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How Long Does It Take For Menopause To Go Away

Can Menopause Cause Joint Pain

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While aches and pains and joint stiffness are all inevitable as we age, as women approach menopause, typically between the age of 45 and 55, many are often surprised to discover that joint pain is one of the most common symptoms, alongside hot flushes, night sweats, period changes and mood swings.

The average age for menopause is between 45 and 55, so it is little wonder why many women put their aches and pains down to aging.

Joints which are involved in high impact movements such as the hips and knees tend to be most affected. The elbows, neck, shoulders, hands and fingers can also be affected by joint pain.

There are a number of causes of joint pain during menopause including:

  • Hormonal changes
  • Poor posture
  • Increased sensitivity to pain.

Below, I take a closer look at each of these causes and recommend ways to help prevent and treat joint pain during menopause.

Psychological Or Social Conditions

Numerous psychological and social theories have been proffered to explain why women may become depressed during perimenopause. Some of these are related to the following factors:

  • Change in the childbearing role

  • Loss of fertility, which may be associated with a loss of an essential meaning of life

  • Empty nest syndrome

  • The societal value of youth .

Does Anxiety Get Worse With Menopause

We do find that any kind of ongoing symptom or chronic condition that you have before the menopause tend to get magnified during the menopause as well. So, if you’ve been an anxious person, if you’ve been a bit of a worrier, or you’re just not sure about things before the menopause, then it’s certainly possible that these feelings will seem worse as you go through the menopause.

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Sleep Problems And Mood Swings

Try these options to avoid sleep problems:

  • Avoid large meals, smoking, coffee, or caffeine after noon.
  • Avoid napping during the day.
  • Avoid exercise or alcohol close to bedtime.
  • Drink warm milk or warm caffeine-free tea before bed.
  • Sleep in a dark, quiet, and cool room.
  • Treat hot flashes to improve sleep.

Easing stress, eating right, and staying physically active can help with mood swings and sleeping problems. Your doctor may also prescribe medication to help with mood swings.

You should talk to your doctor about managing your symptoms and to rule out other conditions that may be causing your symptoms, like depression or asthma. Its also helpful to join a support group for women in menopause so you have a safe place to share your concerns and issues.

Your doctor may also prescribe menopausal hormone therapy to help treat your symptoms. MHT can ease:

  • hot flashes

Studies show that women who take MHT are at an increased risk of heart attack, stroke, and blood clots. The risks are similar for women using contraceptive pills, patches, and rings. However, women taking MHT are older, and the risks increase with age.

Many women cant take MHT because of a previous illness such as cancer or because they take other medications.

Additional research found that the risk of getting breast cancer can increase with five or more years of continuous MHT use .

Women who have had their uterus removed will use estrogen-only therapy.

How Long Does The Transition To Menopause Last

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Perimenopause, the transition to menopause, can last between two and eight years before your periods stop permanently. For most women, this transition to menopause lasts about four years. You will know you have reached menopause only after it has been a full year since your last period. This means you have not had any bleeding, including spotting, for 12 months in a row.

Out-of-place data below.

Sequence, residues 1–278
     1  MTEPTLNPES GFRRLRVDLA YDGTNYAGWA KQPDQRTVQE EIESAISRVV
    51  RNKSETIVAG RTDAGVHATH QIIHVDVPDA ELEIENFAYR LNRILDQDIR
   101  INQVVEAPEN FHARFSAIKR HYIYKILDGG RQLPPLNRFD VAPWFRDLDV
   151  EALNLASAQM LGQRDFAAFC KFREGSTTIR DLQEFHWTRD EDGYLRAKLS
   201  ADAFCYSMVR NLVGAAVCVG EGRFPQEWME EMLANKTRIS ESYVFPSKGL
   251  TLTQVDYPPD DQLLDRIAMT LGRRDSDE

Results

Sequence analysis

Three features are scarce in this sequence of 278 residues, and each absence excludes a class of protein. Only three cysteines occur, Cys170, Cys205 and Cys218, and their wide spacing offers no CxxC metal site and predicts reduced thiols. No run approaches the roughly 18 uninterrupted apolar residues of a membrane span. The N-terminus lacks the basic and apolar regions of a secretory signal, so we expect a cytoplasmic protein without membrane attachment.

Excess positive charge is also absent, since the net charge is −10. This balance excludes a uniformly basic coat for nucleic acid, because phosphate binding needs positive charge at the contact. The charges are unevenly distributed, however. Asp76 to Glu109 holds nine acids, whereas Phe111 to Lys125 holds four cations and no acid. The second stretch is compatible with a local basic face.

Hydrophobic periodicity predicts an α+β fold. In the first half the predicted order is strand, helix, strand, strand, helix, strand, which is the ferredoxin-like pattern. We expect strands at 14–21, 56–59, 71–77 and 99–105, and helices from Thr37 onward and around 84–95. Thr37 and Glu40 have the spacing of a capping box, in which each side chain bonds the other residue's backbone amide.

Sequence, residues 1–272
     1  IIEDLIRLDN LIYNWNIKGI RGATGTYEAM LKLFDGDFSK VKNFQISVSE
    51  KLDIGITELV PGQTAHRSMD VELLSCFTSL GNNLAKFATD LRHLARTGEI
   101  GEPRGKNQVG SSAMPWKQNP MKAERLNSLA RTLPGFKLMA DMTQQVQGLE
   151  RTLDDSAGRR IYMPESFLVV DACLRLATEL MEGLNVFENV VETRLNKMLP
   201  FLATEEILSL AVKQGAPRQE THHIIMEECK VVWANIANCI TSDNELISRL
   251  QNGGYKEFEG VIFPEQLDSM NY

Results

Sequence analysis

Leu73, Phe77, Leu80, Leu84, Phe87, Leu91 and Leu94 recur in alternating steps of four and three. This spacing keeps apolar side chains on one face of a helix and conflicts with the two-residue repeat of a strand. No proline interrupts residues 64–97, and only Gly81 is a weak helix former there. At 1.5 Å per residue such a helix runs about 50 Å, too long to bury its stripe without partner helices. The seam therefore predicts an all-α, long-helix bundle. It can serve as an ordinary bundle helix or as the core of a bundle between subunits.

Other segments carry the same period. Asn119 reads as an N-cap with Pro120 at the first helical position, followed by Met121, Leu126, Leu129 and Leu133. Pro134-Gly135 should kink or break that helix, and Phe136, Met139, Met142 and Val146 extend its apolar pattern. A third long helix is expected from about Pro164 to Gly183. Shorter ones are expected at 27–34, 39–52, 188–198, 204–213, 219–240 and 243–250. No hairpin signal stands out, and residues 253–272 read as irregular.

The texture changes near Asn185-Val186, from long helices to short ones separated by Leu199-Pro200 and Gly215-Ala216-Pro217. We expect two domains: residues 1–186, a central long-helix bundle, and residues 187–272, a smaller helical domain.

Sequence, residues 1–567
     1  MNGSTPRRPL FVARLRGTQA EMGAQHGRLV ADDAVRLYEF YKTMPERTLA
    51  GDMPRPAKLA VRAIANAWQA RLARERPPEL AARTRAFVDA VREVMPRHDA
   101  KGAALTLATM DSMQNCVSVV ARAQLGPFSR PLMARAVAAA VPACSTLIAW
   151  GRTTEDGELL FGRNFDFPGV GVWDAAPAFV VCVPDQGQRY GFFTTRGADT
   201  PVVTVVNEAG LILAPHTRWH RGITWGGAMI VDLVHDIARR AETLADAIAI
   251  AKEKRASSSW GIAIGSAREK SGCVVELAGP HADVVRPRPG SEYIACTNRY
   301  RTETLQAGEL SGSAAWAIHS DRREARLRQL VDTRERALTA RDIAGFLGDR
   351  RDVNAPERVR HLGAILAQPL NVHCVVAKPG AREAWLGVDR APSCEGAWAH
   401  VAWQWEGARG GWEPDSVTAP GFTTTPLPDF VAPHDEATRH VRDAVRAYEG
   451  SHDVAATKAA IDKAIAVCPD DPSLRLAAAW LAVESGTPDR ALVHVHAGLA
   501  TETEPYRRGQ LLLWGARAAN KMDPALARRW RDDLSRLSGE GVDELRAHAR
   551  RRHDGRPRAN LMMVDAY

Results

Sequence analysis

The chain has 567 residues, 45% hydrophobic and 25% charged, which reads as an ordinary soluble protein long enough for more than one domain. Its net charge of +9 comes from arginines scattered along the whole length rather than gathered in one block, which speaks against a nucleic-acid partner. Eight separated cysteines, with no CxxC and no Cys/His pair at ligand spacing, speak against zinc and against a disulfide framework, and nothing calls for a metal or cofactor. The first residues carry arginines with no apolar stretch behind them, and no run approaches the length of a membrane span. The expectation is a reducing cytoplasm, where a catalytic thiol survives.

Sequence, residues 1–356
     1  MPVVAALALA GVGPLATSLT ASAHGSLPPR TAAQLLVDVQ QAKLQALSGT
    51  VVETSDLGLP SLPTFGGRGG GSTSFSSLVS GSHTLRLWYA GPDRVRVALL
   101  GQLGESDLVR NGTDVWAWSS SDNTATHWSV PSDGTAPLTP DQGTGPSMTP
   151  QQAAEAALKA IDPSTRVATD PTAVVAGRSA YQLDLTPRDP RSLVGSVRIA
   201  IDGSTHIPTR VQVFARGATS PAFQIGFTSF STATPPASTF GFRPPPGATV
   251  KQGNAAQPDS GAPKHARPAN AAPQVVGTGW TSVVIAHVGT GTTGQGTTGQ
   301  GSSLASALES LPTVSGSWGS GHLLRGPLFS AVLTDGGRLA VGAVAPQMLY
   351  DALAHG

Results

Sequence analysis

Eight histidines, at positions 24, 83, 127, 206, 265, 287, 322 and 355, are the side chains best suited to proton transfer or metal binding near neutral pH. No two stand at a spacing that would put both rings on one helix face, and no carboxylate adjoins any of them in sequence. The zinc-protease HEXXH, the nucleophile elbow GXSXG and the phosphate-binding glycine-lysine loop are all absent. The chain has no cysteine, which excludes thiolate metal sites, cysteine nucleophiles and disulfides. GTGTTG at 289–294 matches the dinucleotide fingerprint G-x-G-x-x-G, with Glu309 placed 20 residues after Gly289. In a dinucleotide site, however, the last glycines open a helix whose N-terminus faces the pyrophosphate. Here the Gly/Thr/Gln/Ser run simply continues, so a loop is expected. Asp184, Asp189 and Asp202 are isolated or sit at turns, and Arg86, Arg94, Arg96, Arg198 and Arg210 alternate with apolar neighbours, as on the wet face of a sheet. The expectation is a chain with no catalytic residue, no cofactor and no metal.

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When To Seek Help

Its common and normal to experience irregular periods when youre perimenopausal.

However, other conditions, like polycystic ovary syndrome or cervical cancer, can also cause irregular bleeding. See your doctor to rule out other causes if you:

  • suddenly experience very heavy periods or periods with blood clots
  • have periods lasting longer than usual
  • spot or bleed after sex
  • spot or bleed after your period
  • have periods close together

Osteoporosis and heart disease are long-term health risks associated with menopause. Thats because estrogen plays a significant role in protecting your bones and your heart. Without estrogen, youre at an increased risk for both diseases.

Youre also at an increased risk of urinary tract infections because menopause can cause your urethra to become dry, irritated, or inflamed. Vaginal infections can also occur more frequently because your vagina has become dryer and thinner.

Report menopausal symptoms when visiting the doctor. Get assessed by your physician if you continue to have menopausal symptoms that are unbearable or last more than five years after your last menstrual period.

Although menopause can cause uncomfortable symptoms for some women, this natural process has possible upsides, too. There are several potential benefits of menopause to consider:

You will still need to protect yourself from sexually transmitted diseases.

Should I Continue Using Birth Control During The Transition To Menopause

Yes. You can still get pregnant during perimenopause, the transition to menopause, even if you miss your period for a month or a few months. During perimenopause you may still ovulate, or release an egg, on some months.

But it is impossible to know for sure when you will ovulate. If you dont want to get pregnant, you should continue to use birth control until one full year after your last period. Talk to your doctor about your birth control needs. Learn more about different .

You cant get pregnant after menopause, but anyone who has sex can get . If you are not in a monogamous relationship in which you and your partner have sex with each other and no one else, protect yourself by using a male condom or correctly every time you have vaginal, oral, or anal sex. After menopause you may be more likely to get an STI from sex without a condom. Vaginal dryness or irritation is more common after menopause and can cause small cuts or tears during sex, exposing you to STIs.